Name Change Not Enough For eBenX

Everyone knows that many Internet companies — as well as wannabe
Internet companies — choose a “.com” name to make themselves more
attractive to customers and investors.

Another increasingly popular naming strategy is to become an “e”
company, especially as the market’s focus shifts from the broader
Internet to the more specific world of e-commerce.

One company expected to go public this week recently has adopted the
latter tack. Network Management Services, a six-year-old Minneapolis
company serving the group health insurance industry, announced on Nov.
15 that it has changed its name to the more cyber-savvy eBenX.

The company is offering 5 million shares in the $10.50 to $12.50 price
range under the Nasdaq ticker symbol EBNX. Lead underwriter is
BancBoston Robertson Stephens.

eBenX’s software is designed to help corporations and the health plans
serving them to streamline the cumbersome process surrounding group
health insurance benefits, including purchasing, the determination of
eligibility and premium payments.

As anyone who recently has been through the Byzantine and confusing
health benefits procedure knows, this is a market crying out for
simplicity and efficiency.

eBenX thinks it has the answer with its proprietary technology, which
automates the data exchange, payment and reconciliation process in a
highly fragmented market complicated by differences in regulations
between federal, state and local jurisdictions.

This essentially makes eBenX a provider of business-to-business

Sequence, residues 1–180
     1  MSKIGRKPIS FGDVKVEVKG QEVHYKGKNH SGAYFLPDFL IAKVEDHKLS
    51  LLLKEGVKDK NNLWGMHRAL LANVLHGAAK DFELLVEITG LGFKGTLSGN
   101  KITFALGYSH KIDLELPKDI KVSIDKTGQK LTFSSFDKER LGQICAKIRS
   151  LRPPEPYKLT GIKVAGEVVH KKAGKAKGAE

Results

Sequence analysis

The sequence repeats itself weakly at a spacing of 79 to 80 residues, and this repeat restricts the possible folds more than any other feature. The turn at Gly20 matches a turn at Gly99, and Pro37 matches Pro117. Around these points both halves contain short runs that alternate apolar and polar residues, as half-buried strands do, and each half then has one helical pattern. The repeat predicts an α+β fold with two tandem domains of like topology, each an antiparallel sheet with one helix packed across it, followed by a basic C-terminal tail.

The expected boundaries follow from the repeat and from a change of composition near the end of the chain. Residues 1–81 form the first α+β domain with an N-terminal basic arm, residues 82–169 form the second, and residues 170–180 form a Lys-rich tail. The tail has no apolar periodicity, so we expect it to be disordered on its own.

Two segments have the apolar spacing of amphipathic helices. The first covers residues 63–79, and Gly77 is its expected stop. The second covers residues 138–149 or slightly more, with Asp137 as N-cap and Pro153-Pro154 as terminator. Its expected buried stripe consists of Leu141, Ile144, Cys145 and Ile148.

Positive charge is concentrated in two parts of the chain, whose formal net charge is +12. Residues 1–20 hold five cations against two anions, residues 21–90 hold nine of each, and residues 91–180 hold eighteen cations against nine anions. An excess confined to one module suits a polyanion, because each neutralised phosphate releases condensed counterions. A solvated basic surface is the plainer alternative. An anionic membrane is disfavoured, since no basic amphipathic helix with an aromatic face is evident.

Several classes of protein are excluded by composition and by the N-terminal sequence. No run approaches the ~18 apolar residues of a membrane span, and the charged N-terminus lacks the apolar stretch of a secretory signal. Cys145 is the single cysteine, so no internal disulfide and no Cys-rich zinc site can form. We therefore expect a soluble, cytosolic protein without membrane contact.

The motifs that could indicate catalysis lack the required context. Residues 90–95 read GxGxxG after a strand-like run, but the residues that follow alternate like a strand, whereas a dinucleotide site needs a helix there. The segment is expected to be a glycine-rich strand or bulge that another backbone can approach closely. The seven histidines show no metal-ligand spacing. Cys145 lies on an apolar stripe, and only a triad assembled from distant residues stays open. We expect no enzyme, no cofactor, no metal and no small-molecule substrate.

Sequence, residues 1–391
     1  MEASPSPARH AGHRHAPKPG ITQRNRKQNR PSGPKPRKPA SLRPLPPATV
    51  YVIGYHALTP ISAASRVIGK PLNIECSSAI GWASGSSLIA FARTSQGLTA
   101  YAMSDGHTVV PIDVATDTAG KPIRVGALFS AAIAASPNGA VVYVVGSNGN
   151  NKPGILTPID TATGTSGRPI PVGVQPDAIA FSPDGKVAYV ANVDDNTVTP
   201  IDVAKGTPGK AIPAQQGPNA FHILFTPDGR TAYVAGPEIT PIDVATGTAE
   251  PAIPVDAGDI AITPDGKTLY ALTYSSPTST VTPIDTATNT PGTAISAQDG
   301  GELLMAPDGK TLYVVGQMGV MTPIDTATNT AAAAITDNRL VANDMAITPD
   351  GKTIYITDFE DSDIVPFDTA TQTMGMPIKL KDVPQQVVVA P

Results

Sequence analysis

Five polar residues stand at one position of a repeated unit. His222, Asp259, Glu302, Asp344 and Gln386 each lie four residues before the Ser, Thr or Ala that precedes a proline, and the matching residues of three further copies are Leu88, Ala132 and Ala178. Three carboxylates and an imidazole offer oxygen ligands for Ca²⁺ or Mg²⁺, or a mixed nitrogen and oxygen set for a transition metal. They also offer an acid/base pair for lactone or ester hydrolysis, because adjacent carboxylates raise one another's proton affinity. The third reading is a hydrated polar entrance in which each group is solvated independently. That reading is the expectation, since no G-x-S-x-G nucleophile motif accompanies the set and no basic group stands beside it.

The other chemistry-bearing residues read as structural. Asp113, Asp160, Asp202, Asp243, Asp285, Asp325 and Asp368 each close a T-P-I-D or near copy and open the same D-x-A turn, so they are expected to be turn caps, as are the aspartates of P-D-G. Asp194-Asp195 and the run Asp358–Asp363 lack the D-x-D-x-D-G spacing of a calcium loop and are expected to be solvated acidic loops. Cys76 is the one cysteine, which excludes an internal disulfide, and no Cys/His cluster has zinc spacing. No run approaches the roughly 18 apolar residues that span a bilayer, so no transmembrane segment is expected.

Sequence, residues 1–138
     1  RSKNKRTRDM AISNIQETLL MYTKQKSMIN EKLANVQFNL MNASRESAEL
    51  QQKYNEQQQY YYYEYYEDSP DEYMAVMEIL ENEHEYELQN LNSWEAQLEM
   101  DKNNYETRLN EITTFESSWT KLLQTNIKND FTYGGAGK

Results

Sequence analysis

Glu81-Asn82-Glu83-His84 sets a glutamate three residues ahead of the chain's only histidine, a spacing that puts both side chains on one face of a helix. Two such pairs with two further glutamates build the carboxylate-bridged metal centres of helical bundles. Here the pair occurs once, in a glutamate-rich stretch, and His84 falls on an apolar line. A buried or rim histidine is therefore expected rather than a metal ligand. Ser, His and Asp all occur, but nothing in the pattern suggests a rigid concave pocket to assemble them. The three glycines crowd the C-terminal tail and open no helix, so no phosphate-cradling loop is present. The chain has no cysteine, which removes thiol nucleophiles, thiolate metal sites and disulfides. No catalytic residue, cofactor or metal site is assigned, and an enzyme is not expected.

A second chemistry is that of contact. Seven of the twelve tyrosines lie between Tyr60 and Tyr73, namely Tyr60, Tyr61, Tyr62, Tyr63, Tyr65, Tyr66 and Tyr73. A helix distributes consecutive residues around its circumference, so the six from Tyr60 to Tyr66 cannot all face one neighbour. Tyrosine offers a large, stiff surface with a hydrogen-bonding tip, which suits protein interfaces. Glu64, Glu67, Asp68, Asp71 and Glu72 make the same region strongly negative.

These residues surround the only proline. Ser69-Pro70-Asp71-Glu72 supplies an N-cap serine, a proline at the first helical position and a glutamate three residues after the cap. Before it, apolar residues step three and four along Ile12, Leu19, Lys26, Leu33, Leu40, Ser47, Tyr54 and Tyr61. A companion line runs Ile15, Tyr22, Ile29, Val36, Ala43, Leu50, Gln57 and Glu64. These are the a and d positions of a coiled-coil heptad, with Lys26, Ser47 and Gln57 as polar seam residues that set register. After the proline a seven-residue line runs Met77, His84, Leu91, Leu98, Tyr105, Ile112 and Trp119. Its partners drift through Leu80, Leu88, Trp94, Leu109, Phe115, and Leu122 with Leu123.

e-commerce software, one of the hottest markets going right now.
Customers include a number of Fortune 1000 players such as Bell
Atlantic, PepsiCo, Northwest Airlines, GE Capital Services and R.R.
Donnelley & Sons.

But eBenX faces some real challenges. Revenue growth slowed in 1998,
while the company’s gross margin continues to shrink. Last year’s
revenue of $10.1 million reflected an annual revenue growth rate of 47 percent,
down from 1997’s growth rate of 62 percent. The company may be on track to
reverse that slide, however, with $11.7 million in revenue through the
first nine months of 1999. That’s a 76 percent increase over sales in the same
period a year ago.

Gross margin, meanwhile, has fallen from 37.3 percent in Q4 ’98 to 29.5 percent in
this year’s first quarter, 23.6 percent in Q2 and 17.3 percent in the quarter ended
Sept. 30. That trend needs to be reversed.

The declining gross margins have led to increased losses. eBenX reported
a $1 million net loss in 1998. This year the net loss has increased each
quarter, from $372,000 in Q1 to $740,000 in Q2 and $1.6 million in the
third quarter.

eBenX also must reduce its dependence on its largest customers. Bell
Atlantic, Pepsi and Northwest accounted for about half of the company’s
$10.1 million in 1998 revenue, while they and nine others comprised 90 percent
of eBenX’s revenue so far in 1999.

With these financial challenges and competition from giants such as
Automatic Data Processing and McKesson HBOC, eBenX needs more than a
name change to warrant investor confidence. Its Q3 revenues show some
movement in the right direction, but if I were an investor, I’d want tosee more before placing my bet.

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